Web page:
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Bird's eye view of Indian art in Hong Kong

Delhi Art Gallery showcases 43 premier Indian modern artworks at the ongoing Art Basel

Avantika Bhuyan 

Ganesh Pyne's The Puppet, Tempera on canvas

Though the Indian presence at the ongoing in is limited to four galleries — compared with 26 from the United States and 20 from China — it is enough to allow a bird’s eye view of Indian art’s past, present and future. While Vadehra Art Gallery and Chemould Prescott Road are showcasing the masters of contemporary art through the works of Atul and Anju Dodiya, Atul Bhalla and Nalini Malani, Sakshi Art Gallery is showing unconventional formats and the evolving language of contemporary art through the artworks of Sunil Gawde, and Valay Shende. Apart from booths in the main fair, the Discoveries section also features an Indian name — a solo show by Experimenter Gallery featuring the work of  Berlin-based artist Nadia Kaabi-Linke. Delhi Art Gallery, for its part, has taken 43 premier modern artworks to Hong Kong, including those of  masters such as MF Husain, SH Raza, VS Gaitonde, Akbar Padamsee, Ram Kumar and Drawn from the gallery’s mammoth collection, — it is, in fact, the largest such repository of Indian modern art anywhere in the world — the aim of the selection is to showcase works that span various genres ranging from abstracts, figuratives, fragmentative and sculptures.

A walk through the hall offers a glimpse of the evolution of modern Indian art — from the influence of European landscape painters in the 18th century, artists reclaiming their Indian heritage during the nationalist struggle to the birth of revivalism under the Bengal school and the emergence of the Progressive Artists’ Group. While there are several magnificent Husain and Raza works on display, the gem of the collection belong to the brushes of artists like J Sultan Ali, Avinash Chandra and SK Bakre.

Ali’s Neela Nagini stands out for its play of colours, strong Indian idiom and iconography. Bakre, one of the founder members of the Progressive Artists’ Group, brings a sense of depth and fragmentation into his painting The Lake. Influences of Vincent Van Gogh in the use of colour can clearly be seen in Avinash Chandra’s Untitled. From elegant line drawings, his paintings evolved to feature coloured drawings, heavy on sexual imagery, often reducing the female anatomy to amorphous shapes as though suspended in space.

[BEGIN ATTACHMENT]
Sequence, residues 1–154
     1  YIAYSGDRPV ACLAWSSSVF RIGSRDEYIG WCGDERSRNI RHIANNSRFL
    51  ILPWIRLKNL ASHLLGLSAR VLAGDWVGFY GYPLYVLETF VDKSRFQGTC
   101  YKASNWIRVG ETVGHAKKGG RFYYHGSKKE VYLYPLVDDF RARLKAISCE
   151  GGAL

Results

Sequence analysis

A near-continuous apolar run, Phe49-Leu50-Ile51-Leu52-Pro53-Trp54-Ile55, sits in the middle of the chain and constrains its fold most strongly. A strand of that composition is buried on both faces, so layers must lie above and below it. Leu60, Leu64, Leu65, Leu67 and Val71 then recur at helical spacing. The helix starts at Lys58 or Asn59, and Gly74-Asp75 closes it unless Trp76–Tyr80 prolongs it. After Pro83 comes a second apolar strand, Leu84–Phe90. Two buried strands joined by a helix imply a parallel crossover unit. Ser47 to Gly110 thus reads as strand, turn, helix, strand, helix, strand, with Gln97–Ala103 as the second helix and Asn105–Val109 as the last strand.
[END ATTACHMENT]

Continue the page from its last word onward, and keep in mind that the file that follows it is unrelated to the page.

A strong use of colour is evident throughout the collection, one of the most striking of these being the sudden explosion of light in Biren De’s Untitled. Throughout his career, De used deep blues and blazing reds to depict the metaphysical. Then there is the work by master printmaker and painter K Laxma Goud, which like most of his works, brings a sense of nostalgia, a whiff of memories and rusticity to the canvas while keeping the sophistication of modern art intact.

While some artists have reacted to the people and environs around them, like sculptor DP Chowdhury, there are others who have responded to the socio-political events of their times. The works of Prosanto Roy fall in the latter category and feature exquisite tonal degrees and gradations. Mentored by veteran cubist Gaganendranath Tagore, Roy was deeply attuned to the ills of the time — for instance, one of his paintings was a response to the bombing of Hiroshima.

It is not everyday that one can see such veterans of modern art under one roof, bringing to the fore a delightful play of contrasts, colours, tonalities and content.

Delhi Art Gallery’s collection will be on view at Booth C10, Hall No 3, Convention and Exhibition Centre, 1 Expo Drive, Wan Chai, till May 18

First Published: Sat, May 17 2014. 00:16 IST
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